Evanston aldermen labored four hours today to cut perhaps $250,000 from the city’s $94 million proposed general fund budget.
In the process they rejected proposals by the city manager to eliminate the elm tree injection program and close the branch libraries.
The elm tree program was saved after city staff recalculated its cost and concluded that the net expense, after adjusting for the cost of removing and replacing diseased trees is closer to $100,000 per year than the $300,000 per year figure originally cited.
The aldermen offered no reason for their vote to keep the branch libraries, at an estimate annual cost of about $350,000.
Alderman Delores Holmes, 5th Ward, won approval from her colleagues to eliminate a vacant youth services worker position in the police department, saving $70,000, after Police Chief Richard Eddington said he’d rather lose that position than another vacant slot for a victim’s advocate.
Both are civilian positions, and Eddington said the victim’s advocate takes on work that uniformed police officers otherwise would have to do at a higher cost.
Holmes also won approval of a suggestion to consolidate two supervisory positions at the health department into one lower-level position, a move for which staff did not immediately have an estimate of the cost savings.
And at Holmes’ suggestion the aldermen cut $12,000 in proposed increases to their own budget for next year — holding their training and travel, food and membership dues expenses to this year’s level.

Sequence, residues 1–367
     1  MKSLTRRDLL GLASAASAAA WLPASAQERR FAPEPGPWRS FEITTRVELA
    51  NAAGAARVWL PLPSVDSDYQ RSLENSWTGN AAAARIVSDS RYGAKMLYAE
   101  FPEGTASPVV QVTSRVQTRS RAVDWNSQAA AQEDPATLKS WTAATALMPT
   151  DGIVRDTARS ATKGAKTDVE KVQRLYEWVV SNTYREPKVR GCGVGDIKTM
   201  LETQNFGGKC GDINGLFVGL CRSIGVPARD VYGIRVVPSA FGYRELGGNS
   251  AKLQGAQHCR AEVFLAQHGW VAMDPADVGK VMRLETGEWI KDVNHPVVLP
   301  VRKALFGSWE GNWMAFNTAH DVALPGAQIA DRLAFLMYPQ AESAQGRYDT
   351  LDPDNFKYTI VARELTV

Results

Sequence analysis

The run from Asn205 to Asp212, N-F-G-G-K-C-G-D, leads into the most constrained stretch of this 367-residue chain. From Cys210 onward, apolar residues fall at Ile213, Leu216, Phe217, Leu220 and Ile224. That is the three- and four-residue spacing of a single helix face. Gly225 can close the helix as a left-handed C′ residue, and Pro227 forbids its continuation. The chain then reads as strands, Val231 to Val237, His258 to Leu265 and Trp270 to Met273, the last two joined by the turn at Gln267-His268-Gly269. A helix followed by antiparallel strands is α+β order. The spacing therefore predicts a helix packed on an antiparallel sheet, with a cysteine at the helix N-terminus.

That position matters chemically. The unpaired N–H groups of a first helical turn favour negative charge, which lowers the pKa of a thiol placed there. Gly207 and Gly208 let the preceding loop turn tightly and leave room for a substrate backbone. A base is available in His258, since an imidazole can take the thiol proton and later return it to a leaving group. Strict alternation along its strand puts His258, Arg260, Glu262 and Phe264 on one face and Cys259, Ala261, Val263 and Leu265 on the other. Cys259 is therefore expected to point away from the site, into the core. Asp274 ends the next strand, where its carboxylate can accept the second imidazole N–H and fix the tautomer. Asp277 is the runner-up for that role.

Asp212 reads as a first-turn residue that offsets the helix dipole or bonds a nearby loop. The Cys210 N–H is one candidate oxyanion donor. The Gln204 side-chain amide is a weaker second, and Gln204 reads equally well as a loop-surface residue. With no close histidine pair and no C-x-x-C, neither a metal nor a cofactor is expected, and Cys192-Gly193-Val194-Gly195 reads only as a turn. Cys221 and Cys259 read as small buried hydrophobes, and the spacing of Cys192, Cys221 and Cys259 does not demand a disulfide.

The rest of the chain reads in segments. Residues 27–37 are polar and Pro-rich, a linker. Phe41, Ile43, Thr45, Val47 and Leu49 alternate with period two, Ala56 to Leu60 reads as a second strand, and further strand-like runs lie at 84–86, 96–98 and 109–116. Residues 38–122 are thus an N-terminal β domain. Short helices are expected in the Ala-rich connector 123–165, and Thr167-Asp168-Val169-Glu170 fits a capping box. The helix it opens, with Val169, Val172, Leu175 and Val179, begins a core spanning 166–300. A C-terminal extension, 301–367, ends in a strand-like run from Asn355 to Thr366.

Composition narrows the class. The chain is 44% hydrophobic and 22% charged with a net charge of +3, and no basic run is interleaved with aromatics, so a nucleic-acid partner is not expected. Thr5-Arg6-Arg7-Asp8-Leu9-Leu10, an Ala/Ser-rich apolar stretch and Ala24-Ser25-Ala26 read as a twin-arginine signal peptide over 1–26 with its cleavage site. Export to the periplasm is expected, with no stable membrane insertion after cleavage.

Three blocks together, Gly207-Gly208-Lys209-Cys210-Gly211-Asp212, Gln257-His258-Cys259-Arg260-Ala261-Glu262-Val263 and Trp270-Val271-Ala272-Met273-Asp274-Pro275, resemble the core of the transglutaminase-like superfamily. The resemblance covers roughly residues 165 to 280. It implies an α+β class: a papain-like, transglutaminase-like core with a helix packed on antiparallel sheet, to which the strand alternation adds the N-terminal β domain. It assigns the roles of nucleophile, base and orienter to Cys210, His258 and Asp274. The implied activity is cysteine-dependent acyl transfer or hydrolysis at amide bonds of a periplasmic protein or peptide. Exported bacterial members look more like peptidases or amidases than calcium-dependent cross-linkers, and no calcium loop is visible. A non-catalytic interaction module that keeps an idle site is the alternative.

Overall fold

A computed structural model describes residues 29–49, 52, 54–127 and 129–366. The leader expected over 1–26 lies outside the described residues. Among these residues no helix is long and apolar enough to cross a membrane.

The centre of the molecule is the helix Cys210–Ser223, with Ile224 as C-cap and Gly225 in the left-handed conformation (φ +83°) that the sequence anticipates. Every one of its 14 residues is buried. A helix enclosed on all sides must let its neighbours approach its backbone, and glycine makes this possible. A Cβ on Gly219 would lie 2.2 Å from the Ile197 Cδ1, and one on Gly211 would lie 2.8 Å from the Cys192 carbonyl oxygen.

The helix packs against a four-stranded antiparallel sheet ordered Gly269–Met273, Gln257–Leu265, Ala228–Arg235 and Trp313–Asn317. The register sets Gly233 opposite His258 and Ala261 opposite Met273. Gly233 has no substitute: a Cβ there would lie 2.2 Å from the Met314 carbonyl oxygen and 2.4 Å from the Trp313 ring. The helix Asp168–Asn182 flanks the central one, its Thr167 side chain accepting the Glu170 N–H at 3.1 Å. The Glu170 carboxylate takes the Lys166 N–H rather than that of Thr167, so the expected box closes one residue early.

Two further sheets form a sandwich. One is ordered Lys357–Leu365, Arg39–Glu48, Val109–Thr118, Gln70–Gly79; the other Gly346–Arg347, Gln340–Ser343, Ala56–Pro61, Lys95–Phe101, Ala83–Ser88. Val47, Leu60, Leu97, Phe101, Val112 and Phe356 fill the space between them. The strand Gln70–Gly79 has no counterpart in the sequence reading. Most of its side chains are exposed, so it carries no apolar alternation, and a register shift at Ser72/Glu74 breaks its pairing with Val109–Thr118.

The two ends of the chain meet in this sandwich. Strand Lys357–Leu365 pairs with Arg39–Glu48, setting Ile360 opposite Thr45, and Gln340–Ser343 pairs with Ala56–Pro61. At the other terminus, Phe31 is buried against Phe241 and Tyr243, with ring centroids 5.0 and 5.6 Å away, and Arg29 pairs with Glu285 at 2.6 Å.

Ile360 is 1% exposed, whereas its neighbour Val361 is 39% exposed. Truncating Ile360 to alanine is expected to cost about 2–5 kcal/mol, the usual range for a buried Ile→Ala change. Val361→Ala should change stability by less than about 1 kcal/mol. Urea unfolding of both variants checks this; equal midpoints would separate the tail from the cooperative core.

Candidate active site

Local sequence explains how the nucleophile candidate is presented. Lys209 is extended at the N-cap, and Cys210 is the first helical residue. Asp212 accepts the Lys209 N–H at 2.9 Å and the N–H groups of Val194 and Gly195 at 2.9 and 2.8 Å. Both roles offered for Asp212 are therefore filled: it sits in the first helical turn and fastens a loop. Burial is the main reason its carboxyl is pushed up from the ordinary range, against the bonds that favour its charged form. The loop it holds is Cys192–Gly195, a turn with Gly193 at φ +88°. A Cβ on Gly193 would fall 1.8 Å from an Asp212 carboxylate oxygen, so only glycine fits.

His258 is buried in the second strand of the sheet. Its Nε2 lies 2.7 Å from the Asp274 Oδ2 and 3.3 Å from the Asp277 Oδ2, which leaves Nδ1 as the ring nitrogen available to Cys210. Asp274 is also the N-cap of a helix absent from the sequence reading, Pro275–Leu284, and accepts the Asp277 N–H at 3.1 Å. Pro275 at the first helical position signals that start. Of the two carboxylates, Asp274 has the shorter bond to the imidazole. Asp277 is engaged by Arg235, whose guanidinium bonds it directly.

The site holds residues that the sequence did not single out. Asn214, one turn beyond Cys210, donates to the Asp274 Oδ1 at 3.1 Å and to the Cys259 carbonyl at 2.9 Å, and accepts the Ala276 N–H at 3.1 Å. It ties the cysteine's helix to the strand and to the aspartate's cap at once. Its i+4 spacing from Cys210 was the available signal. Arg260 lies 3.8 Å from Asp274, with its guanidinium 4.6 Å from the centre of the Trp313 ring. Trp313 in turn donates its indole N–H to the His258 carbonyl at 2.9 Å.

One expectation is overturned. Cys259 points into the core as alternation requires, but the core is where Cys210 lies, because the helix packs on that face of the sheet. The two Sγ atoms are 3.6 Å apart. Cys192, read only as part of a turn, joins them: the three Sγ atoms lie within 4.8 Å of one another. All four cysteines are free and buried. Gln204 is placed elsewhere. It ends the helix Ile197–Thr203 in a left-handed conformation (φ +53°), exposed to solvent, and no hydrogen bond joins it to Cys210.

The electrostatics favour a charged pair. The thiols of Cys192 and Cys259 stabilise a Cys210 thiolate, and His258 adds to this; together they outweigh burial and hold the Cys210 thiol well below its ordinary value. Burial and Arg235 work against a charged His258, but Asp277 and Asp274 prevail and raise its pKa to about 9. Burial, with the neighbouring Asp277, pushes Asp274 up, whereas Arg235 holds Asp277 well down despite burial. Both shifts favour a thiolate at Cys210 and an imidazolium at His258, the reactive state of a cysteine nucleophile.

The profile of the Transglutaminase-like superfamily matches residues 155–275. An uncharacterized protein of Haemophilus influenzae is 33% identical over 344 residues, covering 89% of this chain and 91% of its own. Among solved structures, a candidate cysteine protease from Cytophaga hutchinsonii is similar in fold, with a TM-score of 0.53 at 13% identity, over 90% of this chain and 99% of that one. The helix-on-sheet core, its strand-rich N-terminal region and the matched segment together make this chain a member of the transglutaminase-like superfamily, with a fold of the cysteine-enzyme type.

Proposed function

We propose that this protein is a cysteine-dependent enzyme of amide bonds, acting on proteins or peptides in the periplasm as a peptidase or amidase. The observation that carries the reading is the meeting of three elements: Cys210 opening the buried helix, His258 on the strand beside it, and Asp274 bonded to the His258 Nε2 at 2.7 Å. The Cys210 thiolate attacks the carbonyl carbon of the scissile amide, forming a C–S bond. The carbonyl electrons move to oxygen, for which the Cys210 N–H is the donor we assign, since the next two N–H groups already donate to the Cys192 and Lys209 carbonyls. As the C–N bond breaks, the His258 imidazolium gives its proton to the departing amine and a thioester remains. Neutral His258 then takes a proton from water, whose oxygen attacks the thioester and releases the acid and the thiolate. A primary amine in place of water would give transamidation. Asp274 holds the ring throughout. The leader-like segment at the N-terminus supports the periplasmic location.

Alderman Elizabeth Tisdahl, 7th Ward, persuaded the aldermen to cut funding for grants the mental health board makes to non-profit groups by 10 percent, for a savings of $85,900.
She also questioned why the city spends $142,000 on staff costs to give away roughly $845,000 to the non-profits.
"Charitable groups I’m associated with would spend nowhere near this percentage to oversee grants," she said.
Alderman Anjana Hansen, 9th Ward, won approval to cut $18,130 in part-time positions in the recreation department.
Alderman Ann Rainey, 8th Ward, failed to win support for a proposal to eliminate the hiring of a plan reviewer for the fire department.
The aldermen rejected suggestions by Alderman Lionel Jean-Baptiste, 2nd Ward, that they explore the possibility of postponing some of the fire and police pension payments driving this year’s tax increase in hopes they could be covered as existing capital debt is paid off over the next decade or two.
In rejecting that idea Tisdahl said that deferring pension payments in past years was what had gotten the council into its current budget crisis and Rainey said the city would certainly need to fund other capital projects in the future which would mean the pool of money Jean-Baptiste was talking about would never actually be available.
With the addition of today’s changes, the aldermen have reduced the proposed property tax levy increase from 15.15 percent to just under 10 percent.
The aldermen scheduled another budget meeting for 9 a.m. on Saturday, Feb. 23. They have to adopt a final budget by the end of the month.